Today, out-of-town employees will arrive in Ottawa for tomorrow’s mid-year planning review. We’ve been having these meetings (and the related (and larger) annual planning session in October, since a life-threatening business crisis in 2005-2006. The meetings are costly, in that we need to pay travel and accommodation costs and, of course, not much operating business happens on the meeting day.
I certainly appreciated the meetings’ value when we first started them in 2006. Previously, the company had a “virtually no meetings” policy — when we had a meeting, it usually represented an ad-hoc discussion or crisis. Consultant Bill Caswell called our first crisis/planning meeting then, and helped us set up our current meeting system. This involves two weekly meetings. The first, on Monday, is a general staff meeting. The second, on Thursday, is for the sales team. These meetings are structured with a scheduled time, rules of order and a clear one hour maximum. Participants either are in the office or (more commonly) join in by teleconference.
The two major meetings each year have a different purpose. We review our budgets, overall business strategies, and possibly set out the course for the next six months to year. The mid-year review is more of a course correction exercise — it allows us to make some collective decisions about our progress. These meetings are open to everyone in the business and everyone is encouraged to attend.
The question I’m asking now, is do they work the way they should?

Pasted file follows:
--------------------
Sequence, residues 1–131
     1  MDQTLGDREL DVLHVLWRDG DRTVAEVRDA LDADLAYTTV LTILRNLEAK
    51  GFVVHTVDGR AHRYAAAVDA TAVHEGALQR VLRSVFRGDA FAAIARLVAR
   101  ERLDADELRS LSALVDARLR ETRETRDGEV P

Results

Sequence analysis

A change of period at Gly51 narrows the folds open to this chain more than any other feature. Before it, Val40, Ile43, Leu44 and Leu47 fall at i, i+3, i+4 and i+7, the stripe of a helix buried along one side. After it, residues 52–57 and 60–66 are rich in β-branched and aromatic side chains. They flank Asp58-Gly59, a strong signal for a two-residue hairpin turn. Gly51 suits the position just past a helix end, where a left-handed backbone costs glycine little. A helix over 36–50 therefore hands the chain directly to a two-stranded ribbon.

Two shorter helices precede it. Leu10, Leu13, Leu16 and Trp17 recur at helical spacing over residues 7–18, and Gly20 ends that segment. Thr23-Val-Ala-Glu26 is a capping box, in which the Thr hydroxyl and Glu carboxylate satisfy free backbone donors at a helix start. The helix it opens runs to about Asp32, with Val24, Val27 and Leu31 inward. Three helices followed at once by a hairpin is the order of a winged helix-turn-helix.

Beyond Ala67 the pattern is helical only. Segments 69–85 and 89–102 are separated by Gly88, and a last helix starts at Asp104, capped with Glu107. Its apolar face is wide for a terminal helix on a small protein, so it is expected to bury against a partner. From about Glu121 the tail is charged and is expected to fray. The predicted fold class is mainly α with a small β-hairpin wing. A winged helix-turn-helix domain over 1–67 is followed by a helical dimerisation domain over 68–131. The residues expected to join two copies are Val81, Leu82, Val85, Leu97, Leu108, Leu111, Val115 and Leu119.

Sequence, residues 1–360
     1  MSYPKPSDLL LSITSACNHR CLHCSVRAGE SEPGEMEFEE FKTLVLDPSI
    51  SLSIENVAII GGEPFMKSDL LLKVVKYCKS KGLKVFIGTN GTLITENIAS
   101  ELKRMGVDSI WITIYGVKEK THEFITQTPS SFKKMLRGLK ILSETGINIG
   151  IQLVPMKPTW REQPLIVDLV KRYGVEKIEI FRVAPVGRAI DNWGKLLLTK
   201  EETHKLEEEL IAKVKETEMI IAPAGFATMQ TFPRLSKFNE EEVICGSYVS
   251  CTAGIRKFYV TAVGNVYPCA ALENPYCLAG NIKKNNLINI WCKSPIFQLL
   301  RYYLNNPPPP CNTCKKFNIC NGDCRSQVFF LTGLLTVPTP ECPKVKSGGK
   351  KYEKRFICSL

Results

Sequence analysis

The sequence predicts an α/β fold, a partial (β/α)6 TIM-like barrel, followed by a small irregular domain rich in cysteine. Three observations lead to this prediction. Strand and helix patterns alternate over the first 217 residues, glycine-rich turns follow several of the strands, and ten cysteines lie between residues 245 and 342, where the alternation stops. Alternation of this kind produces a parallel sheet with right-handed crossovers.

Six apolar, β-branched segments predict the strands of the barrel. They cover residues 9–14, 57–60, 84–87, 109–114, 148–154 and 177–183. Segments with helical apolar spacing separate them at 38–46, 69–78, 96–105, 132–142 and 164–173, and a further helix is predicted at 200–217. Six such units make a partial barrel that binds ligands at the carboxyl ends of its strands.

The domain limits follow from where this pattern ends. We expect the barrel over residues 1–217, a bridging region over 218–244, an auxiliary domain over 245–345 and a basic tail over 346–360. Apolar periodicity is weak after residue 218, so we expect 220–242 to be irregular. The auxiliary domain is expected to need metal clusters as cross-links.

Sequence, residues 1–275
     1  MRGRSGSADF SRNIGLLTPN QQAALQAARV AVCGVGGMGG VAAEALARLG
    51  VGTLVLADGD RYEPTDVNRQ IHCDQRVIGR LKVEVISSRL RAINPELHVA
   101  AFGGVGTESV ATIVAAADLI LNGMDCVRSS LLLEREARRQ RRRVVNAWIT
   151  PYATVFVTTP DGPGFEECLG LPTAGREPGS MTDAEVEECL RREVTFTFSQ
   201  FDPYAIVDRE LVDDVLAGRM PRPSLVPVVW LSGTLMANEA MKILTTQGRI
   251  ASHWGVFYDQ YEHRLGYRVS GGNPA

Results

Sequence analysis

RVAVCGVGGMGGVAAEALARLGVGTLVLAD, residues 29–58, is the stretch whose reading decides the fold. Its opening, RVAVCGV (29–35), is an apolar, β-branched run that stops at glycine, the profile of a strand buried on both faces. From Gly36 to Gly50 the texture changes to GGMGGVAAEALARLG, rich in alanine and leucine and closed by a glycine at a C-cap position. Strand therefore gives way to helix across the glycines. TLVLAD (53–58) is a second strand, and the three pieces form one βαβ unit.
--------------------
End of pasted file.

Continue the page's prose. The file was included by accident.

certainly I don’t spend long hours agonizing about the meetings and planning for them. The systems are fairly clear and we’ve taken some measures to reduce costs. (Aeroplan points reduce high air travel costs and a trade-out with a local hotel means we don’t have hotel bills to worry about.) Nevertheless, we still have to pay for food (including a pre-meeting dinner at an expensive restaurant), Bill Caswell’s facilitating fees and other incidental costs. Are we simply having the meeting because of a new tradition (see yesterday’s post) or because they are really valuable to the business.
The best answer I can give is the test our business experienced this time two years ago, as the recession hit and projections from the previous annual planning session (developed just as the troubles were starting) needed to be revised with major changes. We boiled the meeting costs to the minimum (that year we started the relationship with the hotel, and in this case, one of our furthest-located contractors agreed to participate by teleconference) and took apart the financial projections, to make the necessary adjustments. I won’t say the meeting saved the business, but at least it allowed everyone to share and appreciate the urgency of the situation we were encountering.
This year’s meeting is less a crisis planning session than a progress update and review and we can look more closely at why our growth plans are taking longer to materialize than I’d like. However, the meeting has an added value: It allows us all to connect and relate to each other and be more aware of each other, especially for those who spend most of their time in remote locations and don’t see the local staff and contractors.
I’ll always keep my eyes open and put the meeting system under the microscope for review.